FOUNTAIN HUGHES: My name is Fountain Hughes. I was born in Charlottesville, Virginia. My grandfather belonged to Thomas Jefferson. My grandfather was 115 years old when he died. And now I’m 101 years old.
BILLY MCCREA: Things come to me in spells, you know. I remember things more when I’m laying down than I do when I’m standing or when I’m walking around. We had no home, you know. We were just turned out like a lot of cattle. You know how they turn cattle out in the pasture? Well after freedom, you know, colored people didn’t have nothing. After we got freed and they turned us over like cattle, we could, we didn’t have nowhere to go. We didn’t have nobody to boss us. And we didn’t know nothing. There’s wasn’t no school.
The dogs have got it now better than we had it when we came along. Colored people that’s free ought to awful thankful. And some of them are sorry they are free now. Some of them now would rather be slaves.
HERMOND NORWOOD: Which would you rather be, Uncle Fountain?
FOUNTAIN HUGHES: Me? Which I’d rather be? You know what I’d rather do? If I thought, had any idea, that I’d ever be a slave again, I’d take a gun and just end it all right away. Because you’re nothing but a dog. You’re not a thing but a dog.
BILLY MCCREA: And the Yankees would come. And after a while, they’d be a whole troop of men come. They say they was Yankees. All walking. All walking. Next time you see, there come a whole troop of Yankees, all riding horses, big guns a-hanging on in there, all like that, you know. Yeah. We all would stand looking at them, all going home.
And I said, I’d say, Mama, where they going? She said, they all going home now. And old Col. McRae, that was our master. And said, well, Harriet, all of you niggers are going free now. Yankees all going home. I remember that just as well.
FEMALE SPEAKER: You were born right there and never did leave? You were?
LAURA SMALLEY: Born right there and stayed there until I was about nine, 10 years old. Maybe more. Stayed right there. We didn’t know where to go. Mama and them didn’t know where to go, you see, after freedom broke. Just turned, just like you turn something out, you know. Didn’t know where to go. That’s just, where they stayed.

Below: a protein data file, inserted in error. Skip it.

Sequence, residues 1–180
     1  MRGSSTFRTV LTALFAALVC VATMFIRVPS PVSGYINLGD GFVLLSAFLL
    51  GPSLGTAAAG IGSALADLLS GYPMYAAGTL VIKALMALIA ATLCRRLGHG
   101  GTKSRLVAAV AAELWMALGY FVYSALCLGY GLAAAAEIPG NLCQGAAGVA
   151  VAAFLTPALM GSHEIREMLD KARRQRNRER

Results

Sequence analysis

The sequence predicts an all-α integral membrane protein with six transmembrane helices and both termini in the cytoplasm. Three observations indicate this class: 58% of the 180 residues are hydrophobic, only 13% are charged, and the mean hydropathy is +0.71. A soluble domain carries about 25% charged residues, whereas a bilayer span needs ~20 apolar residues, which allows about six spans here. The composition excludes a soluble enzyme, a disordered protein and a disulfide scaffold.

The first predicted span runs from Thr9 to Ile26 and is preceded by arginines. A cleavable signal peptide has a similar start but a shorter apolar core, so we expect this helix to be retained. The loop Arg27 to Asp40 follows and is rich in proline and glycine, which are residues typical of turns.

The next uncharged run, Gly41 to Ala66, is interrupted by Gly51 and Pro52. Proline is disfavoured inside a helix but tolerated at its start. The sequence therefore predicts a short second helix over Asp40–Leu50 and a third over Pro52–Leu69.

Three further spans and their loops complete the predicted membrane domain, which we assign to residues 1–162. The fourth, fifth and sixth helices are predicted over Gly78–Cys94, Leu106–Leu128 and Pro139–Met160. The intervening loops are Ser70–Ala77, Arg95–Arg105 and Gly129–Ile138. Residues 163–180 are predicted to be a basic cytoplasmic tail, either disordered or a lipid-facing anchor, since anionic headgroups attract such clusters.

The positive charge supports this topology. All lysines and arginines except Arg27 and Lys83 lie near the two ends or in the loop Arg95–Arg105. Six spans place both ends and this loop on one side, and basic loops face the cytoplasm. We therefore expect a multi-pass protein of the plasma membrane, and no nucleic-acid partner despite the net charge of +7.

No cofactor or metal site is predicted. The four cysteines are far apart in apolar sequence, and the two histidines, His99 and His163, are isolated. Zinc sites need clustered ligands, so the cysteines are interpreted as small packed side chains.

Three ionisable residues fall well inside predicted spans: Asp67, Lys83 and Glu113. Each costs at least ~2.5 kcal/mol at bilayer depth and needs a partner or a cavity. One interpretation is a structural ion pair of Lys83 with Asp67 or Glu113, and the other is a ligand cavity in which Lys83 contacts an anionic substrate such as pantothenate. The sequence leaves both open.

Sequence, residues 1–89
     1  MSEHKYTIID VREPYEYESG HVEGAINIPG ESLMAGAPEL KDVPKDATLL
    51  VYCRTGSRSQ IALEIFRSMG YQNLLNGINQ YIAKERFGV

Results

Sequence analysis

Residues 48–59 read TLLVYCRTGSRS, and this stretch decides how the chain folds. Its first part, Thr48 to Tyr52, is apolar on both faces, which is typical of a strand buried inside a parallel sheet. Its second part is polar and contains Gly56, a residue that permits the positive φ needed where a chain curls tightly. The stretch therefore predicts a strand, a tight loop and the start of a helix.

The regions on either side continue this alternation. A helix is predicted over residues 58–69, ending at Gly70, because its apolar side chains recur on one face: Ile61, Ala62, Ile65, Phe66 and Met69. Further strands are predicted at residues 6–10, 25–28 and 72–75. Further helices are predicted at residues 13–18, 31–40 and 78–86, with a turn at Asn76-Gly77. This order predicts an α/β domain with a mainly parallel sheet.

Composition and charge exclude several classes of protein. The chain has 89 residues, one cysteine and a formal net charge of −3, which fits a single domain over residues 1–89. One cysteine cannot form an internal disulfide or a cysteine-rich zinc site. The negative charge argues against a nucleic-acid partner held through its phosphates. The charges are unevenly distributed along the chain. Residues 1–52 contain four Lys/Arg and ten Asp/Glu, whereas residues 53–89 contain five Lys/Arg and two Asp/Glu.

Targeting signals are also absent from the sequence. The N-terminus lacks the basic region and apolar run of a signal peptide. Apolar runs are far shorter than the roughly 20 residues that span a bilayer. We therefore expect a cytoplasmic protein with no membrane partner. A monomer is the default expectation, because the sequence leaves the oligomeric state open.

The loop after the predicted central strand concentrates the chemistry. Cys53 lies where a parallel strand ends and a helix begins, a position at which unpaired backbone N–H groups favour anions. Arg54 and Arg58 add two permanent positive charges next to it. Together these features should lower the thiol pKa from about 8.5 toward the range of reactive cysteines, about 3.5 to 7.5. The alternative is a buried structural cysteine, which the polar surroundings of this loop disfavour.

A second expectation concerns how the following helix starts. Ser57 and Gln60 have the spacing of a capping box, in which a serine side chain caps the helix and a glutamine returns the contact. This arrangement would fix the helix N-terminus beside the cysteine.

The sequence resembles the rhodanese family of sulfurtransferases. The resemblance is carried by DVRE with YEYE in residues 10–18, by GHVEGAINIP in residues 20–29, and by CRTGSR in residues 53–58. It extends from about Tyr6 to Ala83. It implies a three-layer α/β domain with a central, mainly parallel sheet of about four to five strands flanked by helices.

FEMALE SPEAKER: Mm-hm. That’s right.
LAURA SMALLEY: Didn’t know where to go. Turned us out just like, you know, you turn out cattle. I say. And old master didn’t tell, you know, they was free.
JOHN HENRY FAULK: He didn’t tell you that?
LAURA SMALLEY: No. He didn’t tell. They worked there. I think now they say they worked them, six months after that. Six months. And turn them loose on the 19th of June. That’s why, you know, we celebrate that. Colored folks, celebrates that day.
JOHN HENRY FAULK: Can you remember any that the slaves sung? Did they ever sing any songs?
LAURA SMALLEY: No. You know, I never sat there in slavery. But I hear them sing some after freedom. I know some. But I didn’t know, thems way back songs, I can’t hardly sing any of them. And one of them I seem to remember. My old step-daddy used to sing it, by the thunderbolt a rattling, a poor sinner stands so [INAUDIBLE]. Lord, I got a union in my soul, and I ain’t got long to stay. Didn’t I told you that one, yeah?
JOHN HENRY FAULK: Yeah.
FEMALE SPEAKER: That’s a nice one.
LAURA SMALLEY: [SINGING] The thunderbolt a rattling– Oh, poor sinner stands so [INAUDIBLE], but I got a union in my soul, and I ain’t got long to stay.
JOHN HENRY FAULK: I’ve heard it. Can you sing the rest that? That’s a gift. That’s a sure thing.
LAURA SMALLEY: [SINGING] Lord, I ain’t got long to stay. Lord, I ain’t got long to stay in the world, ain’t got long to stay. God’s calling me and I ain’t got long to stay. Lord, I ain’t got long to stay in the world, I ain’t got long to stay.
Goodbye and I ain’t got long to stay, Lord, I ain’t got long to stay in the world, I ain’t got long to stay. God’s calling me and I ain’t got long to stay. Lord, I ain’t got long to stay in the world, I ain’t got long to stay.
Farewell, I ain’t got long to stay. Lord, I ain’t got long to stay in the world, I ain’t got long– I ain’t got much a voice for singing.
JOHN HENRY FAULK: Oh, you got a good voice. Lord have mercy, child. I didn’t you could sing that good.
LAURA SMALLEY: I ain’t got no voice for singing.
PETER: Those were the voices of Fountain Hughes, Billy McCrea, and Laura Smalley. The recordings and hours more like them are available to us, thanks to the Library of Congress and American Folk Life Center. You can download them at backstoryradio.org.
ED: Today’s episode of BackStory was produced by Nell Boeschenstein, Jess Engebretson Eric Mennel, and Allison Quantz. Jamal Millner is our technical director. Allen Chen is our intern. Special thanks this week to Robert Cook.
PETER: Our senior producer is Tony Field. BackStory’s executive producer is Andrew Wyndham. Major supporter for BackStory is provided by the National Endowment for the Humanities, the Joseph and Robert Cornell Memorial Foundation, the University of Virginia, Weinstein Properties, an anonymous donor, and the History Channel. History made every day.
FEMALE SPEAKER: Peter Onuf and Brian Balogh are professors in the University of Virginia’s Corcoran Department of History. Ed Ayers is president and professor of history at the University of Richmond. BackStory was created by Andrew Wyndham for the Virginia Foundation for the Humanities.